Behaviorism in Mental Health


      Sep 19, 2022

      A theory of cognition known as behaviorism places more emphasis on behavior than it does on thoughts, emotions, or motivations. Behaviorism, which was created in the early 20th century, continues to have an impact on modern psychology, with behaviorist ideas fading in and out of popularity every few years. Feel free to consult an Online Counselor at TalktoAngel if you think behaviorism is affecting your mental health.

      All behaviors are acquired by interactions with the environment, or conditioning, according to behaviorism, commonly referred to as behavioral psychology, which is a theory of learning. Therefore, behavior is just a reaction to external cues. Since they can be investigated methodically and observably, behaviorism is primarily interested in observable stimulus-response behaviors.

      Behaviorists believe that only the things we can see and observe are genuine, or at the very least worthwhile of study. We can observe how people act, respond, and behave but we cannot see the mind, the id, or the unconscious. The minds and the brains may be inferred from behavior, but they are not the investigation’s main objective. The study’s focus is on what people do not what they think or feel. In the same way, behaviorists do not try to comprehend the reasons behind anomalous behavior by looking at the mind or the brain. He makes the assumption that the conduct is an example of a certain taught habit, and he works to identify the learning process.

      This school of thinking, often known as behavioral psychology, essentially holds that behavior can be studied methodically and observably regardless of underlying mental conditions. Behavioral theory also contends that because intellect, emotions, and mood are so subjective, only observable behavior should be investigated.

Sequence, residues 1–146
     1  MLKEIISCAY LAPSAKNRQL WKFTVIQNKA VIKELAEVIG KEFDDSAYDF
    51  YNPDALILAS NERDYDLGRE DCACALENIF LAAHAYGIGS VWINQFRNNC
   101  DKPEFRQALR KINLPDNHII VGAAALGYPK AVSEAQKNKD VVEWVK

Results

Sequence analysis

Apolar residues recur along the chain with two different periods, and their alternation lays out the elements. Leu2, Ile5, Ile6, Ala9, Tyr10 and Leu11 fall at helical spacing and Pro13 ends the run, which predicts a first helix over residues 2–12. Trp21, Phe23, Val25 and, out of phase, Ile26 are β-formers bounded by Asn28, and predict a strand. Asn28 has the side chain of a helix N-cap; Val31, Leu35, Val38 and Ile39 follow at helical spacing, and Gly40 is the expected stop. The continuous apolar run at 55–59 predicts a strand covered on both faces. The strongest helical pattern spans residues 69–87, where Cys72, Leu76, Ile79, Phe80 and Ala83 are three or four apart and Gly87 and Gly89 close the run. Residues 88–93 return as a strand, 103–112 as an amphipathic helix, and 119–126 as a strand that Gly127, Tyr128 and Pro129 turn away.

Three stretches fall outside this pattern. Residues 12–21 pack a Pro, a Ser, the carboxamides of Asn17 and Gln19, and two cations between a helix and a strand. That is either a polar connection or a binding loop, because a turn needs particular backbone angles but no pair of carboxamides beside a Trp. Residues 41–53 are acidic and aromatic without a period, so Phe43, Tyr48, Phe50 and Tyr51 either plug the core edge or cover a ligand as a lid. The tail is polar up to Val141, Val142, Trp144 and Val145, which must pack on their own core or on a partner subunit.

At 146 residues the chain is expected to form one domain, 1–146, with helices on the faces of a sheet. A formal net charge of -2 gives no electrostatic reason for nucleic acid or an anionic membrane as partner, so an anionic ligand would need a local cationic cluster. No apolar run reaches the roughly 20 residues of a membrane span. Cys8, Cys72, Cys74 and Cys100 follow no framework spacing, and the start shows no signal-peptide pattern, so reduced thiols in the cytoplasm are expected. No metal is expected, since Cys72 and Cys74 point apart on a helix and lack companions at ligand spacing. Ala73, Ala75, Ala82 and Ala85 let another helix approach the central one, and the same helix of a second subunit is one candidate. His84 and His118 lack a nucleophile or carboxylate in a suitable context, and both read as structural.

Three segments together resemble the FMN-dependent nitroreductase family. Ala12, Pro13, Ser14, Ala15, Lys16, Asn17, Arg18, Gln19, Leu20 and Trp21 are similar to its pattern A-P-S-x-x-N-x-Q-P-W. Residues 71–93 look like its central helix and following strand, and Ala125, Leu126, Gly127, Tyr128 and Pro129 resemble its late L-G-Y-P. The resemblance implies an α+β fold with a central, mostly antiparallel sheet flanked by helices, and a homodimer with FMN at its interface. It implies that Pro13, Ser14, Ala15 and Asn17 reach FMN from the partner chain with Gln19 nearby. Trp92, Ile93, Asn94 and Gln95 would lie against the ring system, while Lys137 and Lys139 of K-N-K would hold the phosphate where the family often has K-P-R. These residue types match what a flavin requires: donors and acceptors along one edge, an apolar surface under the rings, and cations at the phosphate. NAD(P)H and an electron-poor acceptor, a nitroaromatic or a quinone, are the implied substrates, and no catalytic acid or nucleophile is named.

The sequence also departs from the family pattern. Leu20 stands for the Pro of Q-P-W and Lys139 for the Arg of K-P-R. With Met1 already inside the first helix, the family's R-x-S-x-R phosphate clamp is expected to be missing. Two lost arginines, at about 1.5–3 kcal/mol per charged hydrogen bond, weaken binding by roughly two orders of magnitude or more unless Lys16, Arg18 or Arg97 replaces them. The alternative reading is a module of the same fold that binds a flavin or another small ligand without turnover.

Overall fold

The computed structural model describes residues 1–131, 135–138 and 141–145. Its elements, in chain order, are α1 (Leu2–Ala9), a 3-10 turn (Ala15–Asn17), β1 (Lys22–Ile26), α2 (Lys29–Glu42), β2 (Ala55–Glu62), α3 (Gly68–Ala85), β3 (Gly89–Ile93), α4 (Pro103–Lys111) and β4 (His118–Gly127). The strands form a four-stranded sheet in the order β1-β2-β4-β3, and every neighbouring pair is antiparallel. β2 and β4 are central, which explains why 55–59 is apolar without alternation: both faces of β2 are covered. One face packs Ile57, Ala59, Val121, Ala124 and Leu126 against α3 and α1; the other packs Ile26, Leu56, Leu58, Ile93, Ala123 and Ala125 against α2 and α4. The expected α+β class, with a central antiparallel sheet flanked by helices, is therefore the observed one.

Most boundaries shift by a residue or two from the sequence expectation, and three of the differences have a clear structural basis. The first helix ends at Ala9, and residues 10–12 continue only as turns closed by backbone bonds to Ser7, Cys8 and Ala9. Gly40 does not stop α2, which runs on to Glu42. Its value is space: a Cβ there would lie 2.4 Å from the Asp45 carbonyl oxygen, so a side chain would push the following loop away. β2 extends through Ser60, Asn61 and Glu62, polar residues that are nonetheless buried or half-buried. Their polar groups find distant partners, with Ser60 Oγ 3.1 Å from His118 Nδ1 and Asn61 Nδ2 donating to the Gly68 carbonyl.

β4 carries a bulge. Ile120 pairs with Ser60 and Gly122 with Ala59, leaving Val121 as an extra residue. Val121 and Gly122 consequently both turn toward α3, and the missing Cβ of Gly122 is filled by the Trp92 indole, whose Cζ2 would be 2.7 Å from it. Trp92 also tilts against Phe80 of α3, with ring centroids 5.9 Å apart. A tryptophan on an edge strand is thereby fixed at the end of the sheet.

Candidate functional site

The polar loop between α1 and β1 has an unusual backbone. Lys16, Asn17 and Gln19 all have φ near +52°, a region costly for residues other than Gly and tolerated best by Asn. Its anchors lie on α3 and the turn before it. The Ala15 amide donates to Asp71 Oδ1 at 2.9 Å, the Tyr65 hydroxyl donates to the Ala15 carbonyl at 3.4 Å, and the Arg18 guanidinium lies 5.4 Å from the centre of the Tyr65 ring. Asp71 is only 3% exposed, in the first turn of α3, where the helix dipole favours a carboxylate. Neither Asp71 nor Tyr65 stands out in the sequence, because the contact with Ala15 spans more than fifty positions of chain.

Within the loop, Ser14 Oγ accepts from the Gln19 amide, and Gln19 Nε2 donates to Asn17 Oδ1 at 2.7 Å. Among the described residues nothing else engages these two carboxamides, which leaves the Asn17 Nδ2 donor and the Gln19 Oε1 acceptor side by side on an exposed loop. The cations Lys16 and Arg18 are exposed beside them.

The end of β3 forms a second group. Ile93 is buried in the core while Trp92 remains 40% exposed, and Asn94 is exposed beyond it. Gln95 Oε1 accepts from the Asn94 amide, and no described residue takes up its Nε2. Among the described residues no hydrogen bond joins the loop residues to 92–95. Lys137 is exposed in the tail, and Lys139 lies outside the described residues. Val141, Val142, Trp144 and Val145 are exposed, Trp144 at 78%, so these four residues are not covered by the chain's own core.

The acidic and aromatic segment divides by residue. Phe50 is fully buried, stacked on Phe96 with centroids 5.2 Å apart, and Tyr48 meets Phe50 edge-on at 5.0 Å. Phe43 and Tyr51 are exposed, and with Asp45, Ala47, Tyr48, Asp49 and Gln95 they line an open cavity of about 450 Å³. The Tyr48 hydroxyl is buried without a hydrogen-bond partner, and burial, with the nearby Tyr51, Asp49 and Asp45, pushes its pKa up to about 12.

Basic assumptions of behaviorism

      • Every behavior is influenced by its environment.
      • You should consider psychology to be a science.
      • In contrast to interior processes like thinking and emotion, behaviorism is more interested in outwardly visible behaviour.
      • When it comes to learning, humans and other animals learn in largely the same ways.
      • The stimulus-response process produces behavior.

      Types of Behaviorism

      The most important contrast in behaviorism’s history is between Watson’s initial “methodological behaviorism” and later variants of behaviorism that were influenced by his ideas and referred to as “neobehaviorism” (e.g., radical behaviorism).

      Methodological Behaviorism

      According to methodological behaviorism, only observable behavior should be investigated scientifically and that the comprehension of behavior is not enhanced by mental states or cognitive functions. Watson’s philosophy and methodology are in line with methodological behaviorism.

      Radical Behaviorism

      Radical behaviorism is based on the idea that behavior can be understood by examining a person’s history, present, and reinforcements within those environments, which can either favorably or adversely influence conduct. The psychologist B.F. Skinner is credited with developing this behavioral strategy.

      Classical Conditioning

      The behavioral training method known as classical conditioning pairs a neutral stimulus with a naturally occurring stimulus. Eventually, even in the absence of the normally occurring stimulus, the neutral stimulus learns to elicit the same reaction as the natural stimulus. The associated stimulus becomes known as the conditioned stimulus and the acquired behavior is known as the conditioned response during the course of three separate phases of classical conditioning.

      Learning through Association

      By creating a connection between an external stimulus and a response that occurs naturally, the classical conditioning process operates. In the famous experiments of physiologist Ivan Pavlov, dogs were trained to correlate the sight and sound of a lab assistant’s white coat with the introduction of food, which naturally and automatically causes salivation. Finally, only the lab coat caused the dogs to start salivating.

      Operant Conditioning

      Operant conditioning, also known as instrumental conditioning, is a type of learning that involves rewards and penalties. Through operant conditioning, a connection is established between a behavior and its result. According to this behavioral theory, when an action is followed by a desired outcome, it increases the likelihood that the behavior will occur again in the future. On the other hand, responses that result in negative results are less likely to happen again. Take help from an Online Counselor at TalktoAngel if you think you need assistance.